Across the fold, the editorial page of his paper says, ”the fuel taxes could be offset with tax credits to protect vulnerable segments of the population”. Pundits tend to toss off these compensation schemes without the effort of exploring just how a rebate could equitably be distributed only to those who need whatever is meant by “tax credits”, and only to the degree that they need them.
Can Big Oil Be Trusted?      There’s another concern with setting a minimum price for gasoline: It was oil peaking at $147 a barrel that led to gasoline peaking at $4.11 a gallon in mid-July last year. But if oil is trading at only $40 a barrel and the floor is set at $4 a gallon, what’s to prevent the oil companies and refiners from pocketing most of the difference by setting the price to wholesalers close to the $4 threshold? Right now the gap between the wholesale and retail price is about 32 cents a gallon. If today’s price at the pump were mandated at $4/gallon, the wholesale-to-retail spread would be about $2.25, which would invite all manner of unseen mischief.
     So the law that sets that minimum price would have to set a maximum markup above daily world oil prices above which oil producers would not be allowed to sell their product. Such a law would never fly, of course, and however much we may bridle at oil company profits, do we really want even to contemplate that degree of a controlled economy?
     There’s an approach much simpler than a gas tax: a surcharge on new (and possibly used) cars and light trucks geared to their Environmental Protection Agency miles-per-gallon rating. Essentially, the buyer would be made to pay for the right to pollute: the worse the mileage, the higher the penalty. At its maximum, such a tax would add several thousand dollars to the price of a low mileage SUV. This surcharge for guzzlers would be another blow to auto manufacturers; higher prices would mean lower sales of the vehicles that deliver their biggest profits.
     But these penalty fees could be returned to the public in the form of rebates to buyers of fuel-efficient cars – the higher the mileage rating, the bigger the rebate. (Rebates would actually be a reinstatement of a government program begun in 2005 and since allowed to lapse.) Rebates would help the industry sell the more fuel-efficient cars and trucks at prices that make them profitable. Combine surcharges and rebates and we could see America convert to a more efficient auto fleet.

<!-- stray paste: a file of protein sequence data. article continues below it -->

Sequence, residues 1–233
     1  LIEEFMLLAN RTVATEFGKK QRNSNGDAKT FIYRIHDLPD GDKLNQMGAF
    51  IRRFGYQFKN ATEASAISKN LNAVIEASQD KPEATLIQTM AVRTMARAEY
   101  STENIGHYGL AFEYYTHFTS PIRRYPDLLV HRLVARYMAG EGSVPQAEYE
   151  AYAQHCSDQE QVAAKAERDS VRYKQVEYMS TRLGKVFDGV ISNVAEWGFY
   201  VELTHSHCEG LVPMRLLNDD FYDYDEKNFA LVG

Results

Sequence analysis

Oil, and in turn gasoline, has always been too cheap. No value is ascribed to Nature having made this induplicable and finite resource. Had we ever any leadership that set about changing the American mindset (Europeans have for decades been paying three times as much for gas as we), we long ago could have been educated that cheap gas is a bargain we cannot afford. Instead, we have developed a habit that sent $430 billion to other countries last year. Will the Obama administration and this Congress finally take action?
     Stephen Wilson

By 2020 More on Volts Than Gas?

Shai Agassi’s Audacious Plan for Electric Cars

February 27, 2009
He aims to spark nothing short of an automotive revolution, whole countries at a time. Former software executive, Shai Agassi, a 40-year-old Israeli transplanted to Silicon Valley, has so far been invited to 30 countries to propose his radical plan for converting to all-electric vehicles.
     What has caught their attention is less about the car than about its support system. Car makers have focused on how to build electric cars, which for Agassi is the wrong way round. For him the quest is how to run a country without oil, and that means putting infrastructure ahead of cars: the facilities out on the road that tend to the cars’ batteries. If the support platform is built “after people buy the product, people just won't buy the product".

     The key idea that sets Agassi’s scheme apart is an electric car with batteries not included. Car companies don’t know how to assess the life of the batteries needed to power electrics, and that complicates pricing and
warranties. So “just as you don't sell a car [along] with the oil for the life of the car", he says to separate the car from the battery.